Samsung Galaxy Tab S3 review

The world’s first tablet running HDR video

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Battery life

  • Smaller than expected battery still lasts long-haul flights
  • HD video playback can go 12 hours with the right settings
  • Adaptive Fast Charger juices it up to 23% in just 30 minutes

Yes, this was the first important Samsung device to launch since the recalled Galaxy Note 7. No, it didn’t catch fire or blow up – that’s the first question we’ve heard when mentioning that we’re reviewing the Samsung Galaxy Tab S3.

Its 6,000mAh battery is slightly bigger than the Tab S2’s 5,870mAh, but it’s still undersized next to the power packs in the iPad Pro 9.7 (around 7,300mAh) and Google Pixel C (around 9,200mAh). It has also been beaten by the 7,300mAh juice pack in the Samsung Galaxy Tab S4.

In our testing we felt like the Tab S3 had above-average battery life, enough to last a long-haul flight across the US if you wanted to watch a couple of movies and do some work. Running a 90-minute HD video at nearly full brightness drained the battery by 13%, leaving us with 87%.

Samsung says the Tab S3 has enough juice for 12 hours of video playback, and that claim is just about backed up by our testing, with 30 minutes difference between what we saw and the official estimate. There’s a battery saver mode that can help the Tab S3 reach this benchmark, which could make all the difference when you’re not next an outlet.

You can recharge the Tab S3 quickly (for a tablet) when using Samsung’s Adaptive Fast Charger, which comes in the box (it’s the same one that comes with newer Samsung flagship phones, so you may soon have two; +1 for brand loyalty). It took two hours and 55 minutes to go from 0% to 100%, beating Samsung’s 165 minutes claim by 10 minutes.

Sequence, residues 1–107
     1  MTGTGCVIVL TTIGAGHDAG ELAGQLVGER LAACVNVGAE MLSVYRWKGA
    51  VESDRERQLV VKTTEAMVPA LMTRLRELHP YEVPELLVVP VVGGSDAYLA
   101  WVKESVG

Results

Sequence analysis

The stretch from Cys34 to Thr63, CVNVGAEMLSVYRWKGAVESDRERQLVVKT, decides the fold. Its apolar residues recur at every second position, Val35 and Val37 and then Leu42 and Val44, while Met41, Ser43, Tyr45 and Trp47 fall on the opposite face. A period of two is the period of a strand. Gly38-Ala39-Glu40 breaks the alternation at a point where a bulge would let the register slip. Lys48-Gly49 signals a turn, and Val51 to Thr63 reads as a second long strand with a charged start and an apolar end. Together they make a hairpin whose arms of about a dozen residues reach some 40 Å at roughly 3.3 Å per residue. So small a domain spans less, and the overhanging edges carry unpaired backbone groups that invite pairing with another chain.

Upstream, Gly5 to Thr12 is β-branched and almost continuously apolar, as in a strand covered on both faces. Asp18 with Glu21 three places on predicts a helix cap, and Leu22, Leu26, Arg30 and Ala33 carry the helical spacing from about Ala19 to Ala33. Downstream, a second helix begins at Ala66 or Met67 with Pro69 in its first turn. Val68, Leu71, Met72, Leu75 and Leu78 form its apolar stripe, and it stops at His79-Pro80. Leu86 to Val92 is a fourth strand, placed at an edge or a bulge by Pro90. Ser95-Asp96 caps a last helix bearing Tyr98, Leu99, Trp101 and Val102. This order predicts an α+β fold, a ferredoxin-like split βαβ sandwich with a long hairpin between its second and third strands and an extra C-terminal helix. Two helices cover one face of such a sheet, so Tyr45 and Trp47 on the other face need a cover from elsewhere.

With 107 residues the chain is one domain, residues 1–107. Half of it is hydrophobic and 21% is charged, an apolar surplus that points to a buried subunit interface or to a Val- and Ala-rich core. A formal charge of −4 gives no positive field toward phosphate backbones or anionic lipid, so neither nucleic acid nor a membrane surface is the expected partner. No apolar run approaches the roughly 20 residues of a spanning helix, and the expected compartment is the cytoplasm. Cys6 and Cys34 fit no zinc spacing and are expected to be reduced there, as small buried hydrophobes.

• Tablet photography quality leaves something to be desired
  • 13MP rear / 5MP front cameras are adequate for reference photos
  • Includes the same excellent camera interface of the Note 7

The Samsung Galaxy Tab S3 has a 13MP rear camera that you’ll hardly use. It has autofocus, an f/1.9 aperture and a flash in case you want to attract more attention to yourself… a tablet-camera user.

The quality is good for a tablet, complete with gesture control and 4K video recording, although your smartphone camera is always going to be better. We’ve mostly seen people use tablet cameras for references shots, where the quality isn’t necessarily important.

More important to potential buyers is the front-facing camera for video chats. Here, Samsung has gone with an adequate 5MP camera with a f/2.2 aperture. As expected, its low-light performance leave something to be desired – just don’t log in to video conference meetings from dim restaurants.

What we do like is that the Tab S3 borrows the improved camera interface of the recalled Samsung Galaxy Note 7. Flipping between the two cameras is done with a swipe up or down directly on the screen (much better than trying to find the tiny camera switch button). Menus are one swipe to the left, and effects are one swipe to the right.

Matt Swider